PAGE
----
The New York Giants have issues at every level of their defense. Their chronic issue at linebacker is well covered, but they also have issues in the secondary and with the pass rush.
Those last two were particularly important for the Giants over the last three years. The Giants’ defense struggled to get off the field on third down, shut down offenses at the end of games, and do their part to keep the Giants’ own offense from having to keep up in shootouts. Overall, the Giants’ pass rush was anemic at best. Their ability to pressure passers with a four-man rush was among the worst in the NFL, which forced them to blitz to get consistent pressure. The problem there is that passers actually performed better when the Giants blitzed because the secondary couldn’t stand up. The Giants were sitting very uncomfortably on the horns of a dilemma.
They will likely have to address the pass rush in the draft. Defensive coordinator Patrick Graham likes players who are “positionless,” which allows him to call a variety of looks to disguise his intentions. Notre Dame EDGE Julian Okwara has a very versatile frame and skill set, as well as the potential to grow into a impact player. Should the Giants consider the younger brother of former Giant Romeo Okwara?
Prospect: Julian Okwara (EDGE, Notre Dame)
Games Watched: vs. Louisville (2019), vs. Georgia (2019), vs. Virginia (2019)
Red Flags: Fractured Fibula (2019, required surgery)
Games played: 45
Tackles for a loss: 24.0
Forced fumbles: 4
Games played: 9
Tackles for a loss: 7.0
Forced fumbles: 2
Best: Length, athleticism, bend, explosiveness, competitive toughness
Worst: Play strength, consistency
Projection: A rotational edge or pass rushing specialist on a “multiple” defense.
Julian Okwara has an excellent combination of length and athleticism with a versatile frame for the edge position at the NFL level. Okwara played out of a variety of alignments in Notre Dame’s defense, lining up as a stand-up rusher, as a defensive end, a 5-technique defensive tackle, and played on both the left and right sides. He showed the ability to rush with good leverage and an explosive get-off out of both 2 and 3-point stances. Okwara shows the ability to overwhelm blockers with his first step to create disruption in the backfield. He does a good job of using his length to keep blockers’ hands from getting inside his framework and accessing his chest plate. Likewise, he shows the ability to uncoil his hips and transfer speed into power when blockers prepare for a speed rush. Okwara flashes good bend on outside rushes, with enough hip and ankle flexibility to flatten around the corner and carry speed into the backfield.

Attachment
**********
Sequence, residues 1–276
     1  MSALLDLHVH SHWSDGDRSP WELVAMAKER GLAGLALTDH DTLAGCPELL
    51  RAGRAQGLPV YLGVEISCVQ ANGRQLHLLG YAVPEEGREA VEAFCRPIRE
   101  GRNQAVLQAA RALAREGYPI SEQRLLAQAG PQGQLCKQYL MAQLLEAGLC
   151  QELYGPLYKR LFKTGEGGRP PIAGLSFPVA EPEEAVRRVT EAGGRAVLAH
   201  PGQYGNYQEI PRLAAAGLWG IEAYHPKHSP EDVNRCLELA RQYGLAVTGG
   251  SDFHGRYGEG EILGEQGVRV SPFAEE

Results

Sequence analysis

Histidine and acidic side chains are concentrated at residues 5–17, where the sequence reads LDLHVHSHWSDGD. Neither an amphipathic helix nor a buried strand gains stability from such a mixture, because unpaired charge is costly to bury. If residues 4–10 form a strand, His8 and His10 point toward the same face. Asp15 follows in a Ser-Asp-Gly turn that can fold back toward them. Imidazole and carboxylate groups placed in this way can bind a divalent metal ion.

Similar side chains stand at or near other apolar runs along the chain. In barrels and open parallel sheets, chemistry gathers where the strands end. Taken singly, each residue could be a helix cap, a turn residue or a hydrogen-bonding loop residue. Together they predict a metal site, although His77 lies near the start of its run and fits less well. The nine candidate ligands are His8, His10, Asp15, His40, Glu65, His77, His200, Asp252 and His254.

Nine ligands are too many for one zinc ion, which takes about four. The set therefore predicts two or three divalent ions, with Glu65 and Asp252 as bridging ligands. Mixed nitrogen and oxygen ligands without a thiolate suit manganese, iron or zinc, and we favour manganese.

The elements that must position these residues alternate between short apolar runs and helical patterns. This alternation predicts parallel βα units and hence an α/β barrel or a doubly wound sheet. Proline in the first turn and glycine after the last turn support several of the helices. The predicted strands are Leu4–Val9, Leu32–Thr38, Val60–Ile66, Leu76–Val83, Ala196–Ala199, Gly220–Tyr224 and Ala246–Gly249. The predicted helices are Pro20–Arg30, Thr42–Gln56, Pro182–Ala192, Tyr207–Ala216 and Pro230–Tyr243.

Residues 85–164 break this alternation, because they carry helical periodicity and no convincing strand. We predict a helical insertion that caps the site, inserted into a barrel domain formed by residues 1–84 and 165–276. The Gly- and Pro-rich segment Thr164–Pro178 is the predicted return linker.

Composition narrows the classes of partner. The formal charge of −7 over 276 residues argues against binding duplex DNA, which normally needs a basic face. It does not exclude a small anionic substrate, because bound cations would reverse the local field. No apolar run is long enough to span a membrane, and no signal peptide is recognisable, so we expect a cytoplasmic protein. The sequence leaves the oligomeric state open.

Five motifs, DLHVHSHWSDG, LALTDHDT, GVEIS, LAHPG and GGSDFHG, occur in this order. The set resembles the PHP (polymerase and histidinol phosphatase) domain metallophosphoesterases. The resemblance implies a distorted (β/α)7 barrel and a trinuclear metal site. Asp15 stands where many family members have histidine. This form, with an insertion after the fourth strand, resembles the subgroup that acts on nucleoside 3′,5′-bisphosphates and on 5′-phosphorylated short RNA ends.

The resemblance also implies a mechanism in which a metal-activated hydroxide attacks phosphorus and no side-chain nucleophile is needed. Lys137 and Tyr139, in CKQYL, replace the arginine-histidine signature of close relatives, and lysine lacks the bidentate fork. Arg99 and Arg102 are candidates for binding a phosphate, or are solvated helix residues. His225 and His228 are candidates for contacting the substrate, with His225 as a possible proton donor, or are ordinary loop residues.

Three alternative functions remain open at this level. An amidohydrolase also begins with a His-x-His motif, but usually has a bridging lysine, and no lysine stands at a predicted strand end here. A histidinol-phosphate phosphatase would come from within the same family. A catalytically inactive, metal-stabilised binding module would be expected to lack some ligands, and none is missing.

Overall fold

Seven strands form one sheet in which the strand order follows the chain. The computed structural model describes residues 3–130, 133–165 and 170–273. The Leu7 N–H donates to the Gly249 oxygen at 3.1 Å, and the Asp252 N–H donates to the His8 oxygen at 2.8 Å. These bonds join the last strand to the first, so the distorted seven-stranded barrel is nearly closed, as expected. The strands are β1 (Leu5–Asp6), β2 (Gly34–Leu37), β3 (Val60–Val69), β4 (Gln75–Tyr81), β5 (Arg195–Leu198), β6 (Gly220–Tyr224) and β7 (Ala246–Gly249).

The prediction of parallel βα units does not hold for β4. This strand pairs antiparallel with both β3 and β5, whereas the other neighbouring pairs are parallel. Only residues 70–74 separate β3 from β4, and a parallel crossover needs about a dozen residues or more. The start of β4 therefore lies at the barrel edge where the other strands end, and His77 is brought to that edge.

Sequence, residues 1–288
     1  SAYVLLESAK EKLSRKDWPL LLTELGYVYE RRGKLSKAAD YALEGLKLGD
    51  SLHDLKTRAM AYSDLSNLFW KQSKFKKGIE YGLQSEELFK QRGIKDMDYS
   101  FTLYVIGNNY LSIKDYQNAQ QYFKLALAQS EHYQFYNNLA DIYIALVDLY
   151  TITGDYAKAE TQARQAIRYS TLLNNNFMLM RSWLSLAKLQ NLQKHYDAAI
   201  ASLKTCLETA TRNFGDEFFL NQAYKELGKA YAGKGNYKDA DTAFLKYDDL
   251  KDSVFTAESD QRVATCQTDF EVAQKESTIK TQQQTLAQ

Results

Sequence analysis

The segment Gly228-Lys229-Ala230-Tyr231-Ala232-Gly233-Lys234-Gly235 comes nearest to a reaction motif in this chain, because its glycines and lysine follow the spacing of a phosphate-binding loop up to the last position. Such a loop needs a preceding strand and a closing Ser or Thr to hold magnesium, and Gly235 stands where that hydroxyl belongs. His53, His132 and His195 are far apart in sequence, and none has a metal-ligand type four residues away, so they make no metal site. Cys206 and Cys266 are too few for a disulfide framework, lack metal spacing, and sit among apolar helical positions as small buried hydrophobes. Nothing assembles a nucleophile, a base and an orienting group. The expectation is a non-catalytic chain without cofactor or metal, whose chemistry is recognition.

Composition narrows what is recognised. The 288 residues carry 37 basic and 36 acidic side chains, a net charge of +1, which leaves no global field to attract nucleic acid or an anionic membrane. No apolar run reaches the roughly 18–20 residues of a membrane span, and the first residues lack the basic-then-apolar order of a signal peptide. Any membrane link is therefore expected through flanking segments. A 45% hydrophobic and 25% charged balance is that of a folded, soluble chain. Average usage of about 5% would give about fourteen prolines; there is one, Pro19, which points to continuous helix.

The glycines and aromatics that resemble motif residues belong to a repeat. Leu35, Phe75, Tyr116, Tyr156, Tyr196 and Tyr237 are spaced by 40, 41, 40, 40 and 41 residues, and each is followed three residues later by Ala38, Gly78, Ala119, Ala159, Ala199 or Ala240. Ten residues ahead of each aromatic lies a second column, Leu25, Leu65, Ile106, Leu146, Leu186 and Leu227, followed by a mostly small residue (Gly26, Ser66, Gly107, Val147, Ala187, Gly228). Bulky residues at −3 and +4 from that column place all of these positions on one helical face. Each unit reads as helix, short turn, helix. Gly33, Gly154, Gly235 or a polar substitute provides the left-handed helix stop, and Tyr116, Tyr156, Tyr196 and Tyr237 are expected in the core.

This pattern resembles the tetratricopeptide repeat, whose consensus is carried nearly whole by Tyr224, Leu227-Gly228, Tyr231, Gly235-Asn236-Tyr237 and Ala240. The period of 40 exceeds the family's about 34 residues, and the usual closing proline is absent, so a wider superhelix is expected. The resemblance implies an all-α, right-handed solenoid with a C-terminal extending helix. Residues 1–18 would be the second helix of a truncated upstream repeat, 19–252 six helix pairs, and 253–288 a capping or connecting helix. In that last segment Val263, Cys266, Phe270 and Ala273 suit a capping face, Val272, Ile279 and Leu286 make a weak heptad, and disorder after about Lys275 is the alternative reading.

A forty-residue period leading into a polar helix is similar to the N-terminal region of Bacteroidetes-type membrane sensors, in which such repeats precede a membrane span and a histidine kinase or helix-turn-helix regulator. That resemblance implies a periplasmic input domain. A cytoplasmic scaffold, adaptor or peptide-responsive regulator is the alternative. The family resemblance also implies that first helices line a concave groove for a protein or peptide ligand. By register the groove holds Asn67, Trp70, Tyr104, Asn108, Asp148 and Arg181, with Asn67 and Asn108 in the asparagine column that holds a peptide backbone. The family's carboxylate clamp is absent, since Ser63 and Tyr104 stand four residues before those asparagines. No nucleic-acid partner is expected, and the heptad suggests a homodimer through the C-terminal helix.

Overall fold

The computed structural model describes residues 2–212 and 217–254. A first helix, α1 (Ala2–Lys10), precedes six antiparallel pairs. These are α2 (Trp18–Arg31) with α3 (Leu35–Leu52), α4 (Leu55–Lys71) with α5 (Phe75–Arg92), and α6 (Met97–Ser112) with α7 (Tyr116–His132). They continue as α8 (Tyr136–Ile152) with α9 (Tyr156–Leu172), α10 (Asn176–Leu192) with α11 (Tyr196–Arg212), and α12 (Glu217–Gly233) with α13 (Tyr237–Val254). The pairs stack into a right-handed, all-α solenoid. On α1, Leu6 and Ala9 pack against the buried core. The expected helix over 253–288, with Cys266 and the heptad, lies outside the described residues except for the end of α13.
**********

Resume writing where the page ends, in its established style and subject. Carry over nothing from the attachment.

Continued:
He flashes effective rip, spin, and inside pass rush moves to catch defenders unawares and take advantage of his athletic advantage.
Okwara can be slow to recognize misdirection in the backfield and slowdowns in processing new information can slow his play speed. Okwara can also be moved in run defense when he gets caught playing without good leverage. Finally, he needs to show more consistency in his pass rush, from timing the snap to playing with a plan and employing his hands rather than relying on his first step to overwhelm blockers.
Overall Grade: 6.3 - Has the traits to be an important back-up and rotation player. Could become a starter in the right situation with some development. A second-day value. [Grading Scale]
Julian Okwara projects best as a rotational edge defender and pass rush specialist early in his career at the NFL level. He has the traits to take on a significant share of the defensive snaps, particularly as the league continues to rely more on the pass. Okwara has the athletic upside to become a starter with some development and the right coaching.
Okwara has a very good first step to go with the length and athleticism to give NFL caliber blockers problems. If he can hone those tools and polish his pass rushing repertoire — in particular, learn to more consistently employ his hands — he has a bright future as a pass rusher in the NFL. Okwara has the ability to drop in coverage and stay with running backs and tight ends over short distances in shallow zones, which gives him further versatility for the right coach. However, he could be a liability in the run game early in his career, and that might hold him back from seizing a starting job. He needs to play with more consistent pad level against the run and will need to improve his play strength in any case. Okwara is capable of surprising power, but it is a function of his explosiveness off the line of scrimmage. He can be moved if he isn’t the low man and doesn’t have the initiative. An NFL strength and conditioning program should help with that issue, but his upside as a run defender might be limited to pursuing plays from the back-side or trying to disrupt them in the backfield.
Okwara’s blend of length, athleticism, and versatility make him an intriguing piece for a one-gap, attacking “multiple” defense. Even if he only remains a pass rushing specialist, that is a very valuable skillset in the modern NFL.